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Competing with the lawnmower: Readaround @ Carolyn’s – 27 June 2018

It was a beautiful sunny evening when we headed for the Ayr Writers’ Readaround at Carolyn’s. It’s not often we see such good weather in Scotland so we headed for the garden to enjoy the warmth around our circle of friends.
Carolyn kicked off the evening reading a memoir on behalf of Yolanda. Poo Sticks was the title. This started off light-hearted about a friendly game. But as the story progressed, we realised that there was something much more sinister. It turns out the NHS poo sticks that came through the post, saved Yolanda’s life. We are pleased to say that she is recovering well in hospital but strongly advises us all not to ignore the bowel screening test when it arrives on our doorstep. We wish you a speedy recovery, Yolanda.
Martin swiftly followed on with his Highland Rhyming Children’s book – T-Bex’s Big Fight. Not the norm for Martin, he usually writes crime or non-fiction. He generated a few laughs with his dinosaurs and their Dino Aspiron. It was suggested that he should perhaps decide on the age group of his readers and adjust the language accordingly.
Marion and her children’s story, Francesco and Tomaso to the Rescue, took us on a trip to Italy where we met wild boars who roamed the streets looking for food. Interesting picture book which was well presented and with a clear message to listen to children no matter how ludicrous their stories may seem.
Nigel took us to Ben More on the Isle of Mull next. His descriptions of the sunset, the black and white oystercatchers and the way that he shielded the flame of his stove had us all wanting to climb alongside him. Graeme’s comment said it all, ‘A picture paints a thousand words, and Nigel’s thousand words painted a lovely picture.’ Of the 282 Munros in Scotland, Nigel has climbed them all but one which would explain the title, Ben More: and Then There Was One. Keep going Nigel, we’re all behind you, (way behind!)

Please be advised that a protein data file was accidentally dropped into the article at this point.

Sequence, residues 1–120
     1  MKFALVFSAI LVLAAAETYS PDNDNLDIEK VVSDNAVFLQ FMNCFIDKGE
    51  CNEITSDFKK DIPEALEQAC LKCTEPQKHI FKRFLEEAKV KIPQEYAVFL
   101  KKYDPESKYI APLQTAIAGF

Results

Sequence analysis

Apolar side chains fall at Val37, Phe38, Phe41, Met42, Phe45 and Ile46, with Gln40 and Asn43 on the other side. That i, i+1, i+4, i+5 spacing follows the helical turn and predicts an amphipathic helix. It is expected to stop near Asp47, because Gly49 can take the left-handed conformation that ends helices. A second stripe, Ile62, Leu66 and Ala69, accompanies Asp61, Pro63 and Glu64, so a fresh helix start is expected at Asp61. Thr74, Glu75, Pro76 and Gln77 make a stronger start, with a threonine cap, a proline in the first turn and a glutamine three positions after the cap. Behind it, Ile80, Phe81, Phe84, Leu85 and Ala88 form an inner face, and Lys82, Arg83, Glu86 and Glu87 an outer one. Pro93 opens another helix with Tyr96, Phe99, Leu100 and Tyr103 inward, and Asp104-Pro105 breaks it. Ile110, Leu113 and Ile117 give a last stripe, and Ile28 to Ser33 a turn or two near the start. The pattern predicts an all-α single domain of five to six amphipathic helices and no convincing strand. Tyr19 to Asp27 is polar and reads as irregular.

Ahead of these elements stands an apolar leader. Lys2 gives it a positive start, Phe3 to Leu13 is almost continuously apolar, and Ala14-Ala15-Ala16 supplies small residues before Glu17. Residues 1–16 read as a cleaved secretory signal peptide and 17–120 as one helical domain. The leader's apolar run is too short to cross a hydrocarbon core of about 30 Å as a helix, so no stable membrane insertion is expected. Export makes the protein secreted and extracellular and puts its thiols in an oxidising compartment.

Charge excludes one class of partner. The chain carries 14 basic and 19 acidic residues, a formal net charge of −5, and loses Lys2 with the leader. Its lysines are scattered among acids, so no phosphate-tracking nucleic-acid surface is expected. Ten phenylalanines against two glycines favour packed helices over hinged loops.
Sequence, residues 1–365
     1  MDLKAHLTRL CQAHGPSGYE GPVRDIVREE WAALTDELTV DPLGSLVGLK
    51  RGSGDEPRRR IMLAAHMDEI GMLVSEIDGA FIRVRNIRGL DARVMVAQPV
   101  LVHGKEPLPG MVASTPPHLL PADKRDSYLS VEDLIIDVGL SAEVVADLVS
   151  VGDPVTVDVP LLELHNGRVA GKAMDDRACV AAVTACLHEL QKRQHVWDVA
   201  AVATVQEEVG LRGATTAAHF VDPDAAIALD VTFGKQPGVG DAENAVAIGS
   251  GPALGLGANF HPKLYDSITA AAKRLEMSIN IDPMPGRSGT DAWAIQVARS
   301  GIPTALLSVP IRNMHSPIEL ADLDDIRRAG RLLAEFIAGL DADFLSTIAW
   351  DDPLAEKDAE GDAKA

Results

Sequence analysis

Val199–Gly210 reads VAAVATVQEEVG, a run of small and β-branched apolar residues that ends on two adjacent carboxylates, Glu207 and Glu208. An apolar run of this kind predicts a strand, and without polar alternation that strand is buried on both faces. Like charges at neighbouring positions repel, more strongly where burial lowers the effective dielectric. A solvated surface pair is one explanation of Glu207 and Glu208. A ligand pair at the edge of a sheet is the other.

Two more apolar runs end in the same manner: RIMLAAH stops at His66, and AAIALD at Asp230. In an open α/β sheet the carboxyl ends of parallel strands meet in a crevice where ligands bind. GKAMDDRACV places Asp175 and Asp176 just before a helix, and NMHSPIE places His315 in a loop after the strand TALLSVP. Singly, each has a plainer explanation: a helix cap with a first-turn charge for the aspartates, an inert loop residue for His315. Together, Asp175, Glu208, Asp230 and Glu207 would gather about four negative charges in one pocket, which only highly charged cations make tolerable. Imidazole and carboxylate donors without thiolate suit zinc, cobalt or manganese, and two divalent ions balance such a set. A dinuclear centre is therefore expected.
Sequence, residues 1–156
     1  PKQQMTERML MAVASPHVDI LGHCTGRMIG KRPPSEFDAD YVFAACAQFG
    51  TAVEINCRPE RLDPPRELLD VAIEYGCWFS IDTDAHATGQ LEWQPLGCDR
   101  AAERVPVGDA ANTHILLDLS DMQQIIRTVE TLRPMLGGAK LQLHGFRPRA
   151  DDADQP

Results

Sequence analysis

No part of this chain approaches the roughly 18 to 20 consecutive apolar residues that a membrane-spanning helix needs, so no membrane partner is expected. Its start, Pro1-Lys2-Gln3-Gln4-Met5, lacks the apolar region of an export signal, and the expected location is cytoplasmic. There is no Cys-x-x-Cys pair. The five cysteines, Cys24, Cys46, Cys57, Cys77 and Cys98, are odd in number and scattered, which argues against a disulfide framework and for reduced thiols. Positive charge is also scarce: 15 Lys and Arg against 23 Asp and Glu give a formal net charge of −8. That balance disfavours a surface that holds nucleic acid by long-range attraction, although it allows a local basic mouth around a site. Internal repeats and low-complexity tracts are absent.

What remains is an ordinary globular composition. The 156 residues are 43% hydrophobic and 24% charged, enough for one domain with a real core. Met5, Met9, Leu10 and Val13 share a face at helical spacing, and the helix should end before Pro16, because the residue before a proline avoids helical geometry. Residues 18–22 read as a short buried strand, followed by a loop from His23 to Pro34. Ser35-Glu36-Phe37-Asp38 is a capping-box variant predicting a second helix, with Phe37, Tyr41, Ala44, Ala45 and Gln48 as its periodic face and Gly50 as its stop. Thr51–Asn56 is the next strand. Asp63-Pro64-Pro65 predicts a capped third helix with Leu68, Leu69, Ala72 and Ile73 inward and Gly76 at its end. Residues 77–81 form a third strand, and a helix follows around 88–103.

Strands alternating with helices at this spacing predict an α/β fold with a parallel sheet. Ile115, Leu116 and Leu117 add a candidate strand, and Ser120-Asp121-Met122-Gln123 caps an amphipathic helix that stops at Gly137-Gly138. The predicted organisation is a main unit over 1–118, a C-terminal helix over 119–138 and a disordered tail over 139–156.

Coming right after Nigel was Anne with her crime novel with a working title, A Proper Sinner. This is an investigation into a murder in the Southside of Glasgow. Ian Ogilvie is the Detective Inspector and Detective Steel, commonly known as Stainless, are both on the case. Why did the victim who led an uninteresting life keep a handgun? One of the questions in Anne’s story that had us all intrigued.
Matthew kept us guessing with his short story. Another working title, Dominate. This had us all chuckling. A nasal man, a bus, a conversation, a brothel and whips, what more do you need for a hilarious story? Nothing except a brilliant twist at the end which Matthew delivered well.
Eddie had quite a challenge to follow on from Matthew’s story. He read his poem, A Single Red Rose at Bergen Belsen, which was a grim reminder of the horrors of the Nazi concentration camps. He also read another poem, My Beautiful Butt, which was a funny recollection of his life’s desire to be an artist’s model and how ‘Old faither time was taking a pasting on him.’ We all enjoyed the humour in this one.
The sun was going down, the midges were coming out and the neighbour decided to cut his grass. We were too engrossed in the river of words and nothing could stop the flow. Maggie read from her children’s book, The day of the Grey Dragons. This is about two children whose mother is in hospital recovering from cancer. A lot of good imagery, rabbits falling down holes, earthquakes, bad dreams and dragons, what next? We’re all left hanging, desperate for the next instalment.
Graeme was next with a portion from his political thriller which also has a working title. Cacophony of Lies, is Graeme’s fourth novel in the series. He told us how his hero has become an assassin for the British Government. In this book, the Government minister’s daughter has been abducted. Blood, smashed lips, pain, dislocated shoulder and swollen testicles, and that’s just the prologue! Graeme had us all on the edge of our seats wanting to know more.
One more to go. Carolyn rounded off the evening with her cheery poem, Buying Bedding. Plants, tubs, fencing, ever greens or hanging baskets, some of the questions considered on what to buy for this year’s tranquil view. And what a lovely scene Carolyn had created for us in her back garden that night.
At 10.15 the evening came to a close. We were all suitably satiated with Nicola and Ken’s chocolate brownies and filled with enthusiasm to plod on with the arduous task of churning out our next master piece, one little sentence at a time. Keep on writing!
Gail

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